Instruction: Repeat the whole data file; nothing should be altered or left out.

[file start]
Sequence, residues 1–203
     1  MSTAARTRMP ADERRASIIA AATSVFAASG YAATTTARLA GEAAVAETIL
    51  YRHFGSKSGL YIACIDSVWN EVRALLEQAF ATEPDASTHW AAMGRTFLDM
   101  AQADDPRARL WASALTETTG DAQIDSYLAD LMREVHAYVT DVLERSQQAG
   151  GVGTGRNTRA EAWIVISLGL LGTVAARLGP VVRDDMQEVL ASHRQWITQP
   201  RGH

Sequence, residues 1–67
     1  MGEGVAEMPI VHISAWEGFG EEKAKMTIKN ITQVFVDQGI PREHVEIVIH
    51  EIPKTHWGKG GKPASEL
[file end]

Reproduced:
Sequence, residues 1–203
     1  MSTAARTRMP ADERRASIIA AATSVFAASG YAATTTARLA GEAAVAETIL
    51  YRHFGSKSGL YIACIDSVWN EVRALLEQAF ATEPDASTHW AAMGRTFLDM
   101  AQADDPRARL WASALTETTG DAQIDSYLAD LMREVHAYVT DVLERSQQAG
   151  GVGTGRNTRA EAWIVISLGL LGTVAARLGP VVRDDMQEVL ASHRQWITQP
   201  RGH

Sequence, residues 1–67
     1  MGEGVAEMPI VHISAWEGFG EEKAKMTIKN ITQVFVDQGI PREHVEIVIH
    51  EIPKTHWGKG GKPASEL